Art in Context
Charlotte Mason espoused teaching children about fine art. Five Senses Literature Lessons teaches children about art, as well. However, instead of doing studies of individual artists, our lessons integrate fine art into the body of the lesson. In the Yellow Level, as your child learns about Native Americans, they will look at art made by Native Americans. This way of incorporating art study into the main lesson gives children a deeper appreciation of the artwork itself as well as an understanding of its historical relevance.
Building skills for life
I agree with Charlotte Mason about her belief in “purposeful activity”. However, instead of sending you off to find purposeful activities on your own, many of our lessons have activities to help your child develop life skills, like cooking and crafting. These activities are tied to the main lesson and support your child’s understanding of the main topic. Each purposeful activity has notes on how to adapt it to your child’s skill level. I would never suggest you just “knit a hat,” since the skills for knitting are rather advanced. Instead, you are given directions for age-appropriate activities that will build your child’s skills while not creating too much stress.
Waldorf and Montessori
These two philosophies are both beautiful. They may not seem to have a lot in common at first, but they both emphasize child development and hands-on learning, just like Five Senses Literature Lessons. While using Five Senses Literature Lessons you may see hints of both of these philosophies. However, we differ in one big, important way.
Five Senses Literature Lessons requires very little special equipment. Waldorf and Montessori classrooms place an emphasis on specific toys and materials. The specific items can be expensive to replicate and hard to find. Five Senses Literature Lessons uses items commonly found around your own home and easy to acquire from your local grocery or big box store. The hands-on activities in every program here, are designed to be easy and inexpensive to set up and enjoy.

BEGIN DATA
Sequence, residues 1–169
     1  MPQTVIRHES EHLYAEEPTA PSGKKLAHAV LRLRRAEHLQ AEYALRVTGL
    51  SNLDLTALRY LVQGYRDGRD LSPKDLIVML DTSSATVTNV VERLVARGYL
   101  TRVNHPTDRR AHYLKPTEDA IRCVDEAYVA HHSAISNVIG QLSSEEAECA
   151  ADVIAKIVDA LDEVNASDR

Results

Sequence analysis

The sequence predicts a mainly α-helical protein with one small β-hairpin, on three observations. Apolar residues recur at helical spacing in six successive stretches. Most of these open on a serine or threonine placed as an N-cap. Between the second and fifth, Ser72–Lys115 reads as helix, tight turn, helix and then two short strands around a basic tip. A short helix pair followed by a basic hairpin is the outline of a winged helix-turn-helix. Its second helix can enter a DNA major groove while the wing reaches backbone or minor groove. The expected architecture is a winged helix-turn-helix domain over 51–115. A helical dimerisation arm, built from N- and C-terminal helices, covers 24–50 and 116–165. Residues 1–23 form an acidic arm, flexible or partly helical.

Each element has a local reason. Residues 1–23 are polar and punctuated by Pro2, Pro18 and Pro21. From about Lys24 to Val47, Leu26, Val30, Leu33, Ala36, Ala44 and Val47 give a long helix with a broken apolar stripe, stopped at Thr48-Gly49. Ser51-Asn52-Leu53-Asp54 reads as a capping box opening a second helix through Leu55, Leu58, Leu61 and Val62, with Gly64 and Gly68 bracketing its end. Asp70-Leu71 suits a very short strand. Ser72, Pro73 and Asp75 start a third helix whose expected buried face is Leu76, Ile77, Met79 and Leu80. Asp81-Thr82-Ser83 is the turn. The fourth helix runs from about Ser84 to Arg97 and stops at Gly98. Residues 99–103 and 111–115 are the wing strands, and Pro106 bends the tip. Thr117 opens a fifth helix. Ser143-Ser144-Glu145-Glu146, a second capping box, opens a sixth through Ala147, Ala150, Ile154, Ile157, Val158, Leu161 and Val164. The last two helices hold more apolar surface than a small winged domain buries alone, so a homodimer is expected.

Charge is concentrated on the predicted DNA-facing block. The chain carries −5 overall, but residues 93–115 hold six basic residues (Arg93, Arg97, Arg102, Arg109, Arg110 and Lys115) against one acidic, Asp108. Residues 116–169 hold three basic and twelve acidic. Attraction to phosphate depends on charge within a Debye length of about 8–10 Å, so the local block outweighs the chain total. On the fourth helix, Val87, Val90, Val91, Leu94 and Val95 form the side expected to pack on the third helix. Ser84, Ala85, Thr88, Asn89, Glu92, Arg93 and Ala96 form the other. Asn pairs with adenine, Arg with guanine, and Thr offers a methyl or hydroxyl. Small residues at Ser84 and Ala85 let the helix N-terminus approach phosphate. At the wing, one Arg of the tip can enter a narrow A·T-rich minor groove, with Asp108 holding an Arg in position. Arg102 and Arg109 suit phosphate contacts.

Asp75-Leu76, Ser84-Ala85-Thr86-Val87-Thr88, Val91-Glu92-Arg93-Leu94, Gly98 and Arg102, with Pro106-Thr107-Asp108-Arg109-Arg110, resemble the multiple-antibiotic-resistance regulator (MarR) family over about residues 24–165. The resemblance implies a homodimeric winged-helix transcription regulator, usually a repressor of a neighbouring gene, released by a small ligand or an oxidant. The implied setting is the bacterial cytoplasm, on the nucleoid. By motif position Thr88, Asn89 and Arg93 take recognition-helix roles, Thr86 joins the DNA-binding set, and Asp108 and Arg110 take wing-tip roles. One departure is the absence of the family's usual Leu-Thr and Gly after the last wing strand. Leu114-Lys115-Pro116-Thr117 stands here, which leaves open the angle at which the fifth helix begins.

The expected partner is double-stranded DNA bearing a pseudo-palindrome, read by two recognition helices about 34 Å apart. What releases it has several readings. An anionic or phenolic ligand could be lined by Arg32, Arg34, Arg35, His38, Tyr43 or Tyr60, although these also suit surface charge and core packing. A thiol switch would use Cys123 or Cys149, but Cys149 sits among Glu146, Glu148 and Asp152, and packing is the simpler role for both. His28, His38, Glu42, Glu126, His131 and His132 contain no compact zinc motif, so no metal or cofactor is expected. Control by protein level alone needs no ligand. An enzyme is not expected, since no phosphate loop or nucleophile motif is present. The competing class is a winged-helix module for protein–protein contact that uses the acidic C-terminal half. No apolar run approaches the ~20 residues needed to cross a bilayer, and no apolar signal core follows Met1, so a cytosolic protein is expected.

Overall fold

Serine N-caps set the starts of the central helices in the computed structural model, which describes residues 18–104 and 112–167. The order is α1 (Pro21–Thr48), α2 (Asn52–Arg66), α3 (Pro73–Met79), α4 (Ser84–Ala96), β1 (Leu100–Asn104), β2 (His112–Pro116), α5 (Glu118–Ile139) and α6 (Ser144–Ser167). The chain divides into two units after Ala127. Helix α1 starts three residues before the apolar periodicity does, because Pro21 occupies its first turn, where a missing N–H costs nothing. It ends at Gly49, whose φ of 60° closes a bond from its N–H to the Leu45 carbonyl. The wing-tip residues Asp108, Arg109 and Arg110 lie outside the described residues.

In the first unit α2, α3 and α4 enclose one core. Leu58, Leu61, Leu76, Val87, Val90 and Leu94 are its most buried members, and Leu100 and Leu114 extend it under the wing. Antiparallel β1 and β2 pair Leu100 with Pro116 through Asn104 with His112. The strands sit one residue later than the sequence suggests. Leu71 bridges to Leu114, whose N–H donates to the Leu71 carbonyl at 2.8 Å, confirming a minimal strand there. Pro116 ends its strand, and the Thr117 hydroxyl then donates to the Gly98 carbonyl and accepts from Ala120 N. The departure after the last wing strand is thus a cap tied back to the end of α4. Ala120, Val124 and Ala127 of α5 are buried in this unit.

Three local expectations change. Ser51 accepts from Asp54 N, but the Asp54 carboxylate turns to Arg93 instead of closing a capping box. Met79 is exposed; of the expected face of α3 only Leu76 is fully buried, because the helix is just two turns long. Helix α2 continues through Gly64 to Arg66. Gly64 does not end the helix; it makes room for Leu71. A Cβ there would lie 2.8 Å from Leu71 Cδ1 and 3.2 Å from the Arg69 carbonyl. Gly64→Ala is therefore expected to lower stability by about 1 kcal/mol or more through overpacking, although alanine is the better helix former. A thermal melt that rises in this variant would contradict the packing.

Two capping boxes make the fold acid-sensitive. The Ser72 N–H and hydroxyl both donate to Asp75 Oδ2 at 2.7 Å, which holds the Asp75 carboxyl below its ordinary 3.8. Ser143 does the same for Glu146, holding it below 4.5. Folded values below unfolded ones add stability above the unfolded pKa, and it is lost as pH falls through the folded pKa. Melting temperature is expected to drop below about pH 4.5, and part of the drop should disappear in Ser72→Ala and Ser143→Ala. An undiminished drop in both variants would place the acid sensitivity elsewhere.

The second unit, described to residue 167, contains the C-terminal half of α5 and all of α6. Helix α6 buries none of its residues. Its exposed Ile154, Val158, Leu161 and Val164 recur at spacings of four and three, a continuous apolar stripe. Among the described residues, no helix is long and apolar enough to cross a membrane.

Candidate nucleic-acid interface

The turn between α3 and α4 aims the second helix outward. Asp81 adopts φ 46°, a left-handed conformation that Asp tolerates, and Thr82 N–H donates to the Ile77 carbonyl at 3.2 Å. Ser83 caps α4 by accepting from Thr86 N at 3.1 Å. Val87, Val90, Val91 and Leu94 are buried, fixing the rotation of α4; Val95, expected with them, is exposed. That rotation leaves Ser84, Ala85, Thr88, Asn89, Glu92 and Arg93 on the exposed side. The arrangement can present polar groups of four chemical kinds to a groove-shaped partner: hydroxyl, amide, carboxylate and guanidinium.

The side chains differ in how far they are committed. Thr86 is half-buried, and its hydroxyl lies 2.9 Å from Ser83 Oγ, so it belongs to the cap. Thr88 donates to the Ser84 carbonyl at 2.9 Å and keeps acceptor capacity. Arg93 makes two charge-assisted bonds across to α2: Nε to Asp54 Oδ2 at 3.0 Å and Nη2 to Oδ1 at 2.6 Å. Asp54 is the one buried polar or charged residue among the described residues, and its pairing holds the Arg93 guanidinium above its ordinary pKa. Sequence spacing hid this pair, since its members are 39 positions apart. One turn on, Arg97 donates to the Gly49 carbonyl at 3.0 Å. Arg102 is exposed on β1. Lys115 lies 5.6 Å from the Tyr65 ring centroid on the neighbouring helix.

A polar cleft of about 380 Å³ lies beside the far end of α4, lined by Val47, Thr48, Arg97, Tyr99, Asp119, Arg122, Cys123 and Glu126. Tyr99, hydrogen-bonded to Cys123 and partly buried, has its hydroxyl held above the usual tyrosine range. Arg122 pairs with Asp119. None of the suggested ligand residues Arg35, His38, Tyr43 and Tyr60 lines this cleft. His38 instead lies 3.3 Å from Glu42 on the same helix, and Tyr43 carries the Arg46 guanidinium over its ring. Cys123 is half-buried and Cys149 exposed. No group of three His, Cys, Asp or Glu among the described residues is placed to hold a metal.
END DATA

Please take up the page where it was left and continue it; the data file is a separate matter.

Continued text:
Just like in Unschooling, Five Senses Literature Lessons respects the learner. It is very important that the child be interested and engaged in their learning. So the lessons we have created are designed to engage your child.
Unschooling emphasizes that children learn when they are ready and I wholeheartedly agree. However, I disagree with the unschooling philosophy on how a child gets ready to learn. Unschooling theory says that every child will eventually be ready to learn everything in their own time. I believe that children may need help and guidance to learn the underlying skills they will need to explore their education fully. And some children who aren’t pushed to develop underlying skills may have long-lasting lag-time in their educational development.
Building skills and confidence is crucial
An example of this is learning to write. Five Senses Literature Lessons provide lessons with fine motor activities and games. These games help develop your child’s finger strength and coordination. Not all children seek out those kinds of activities on their own. Many children need a parent to encourage them.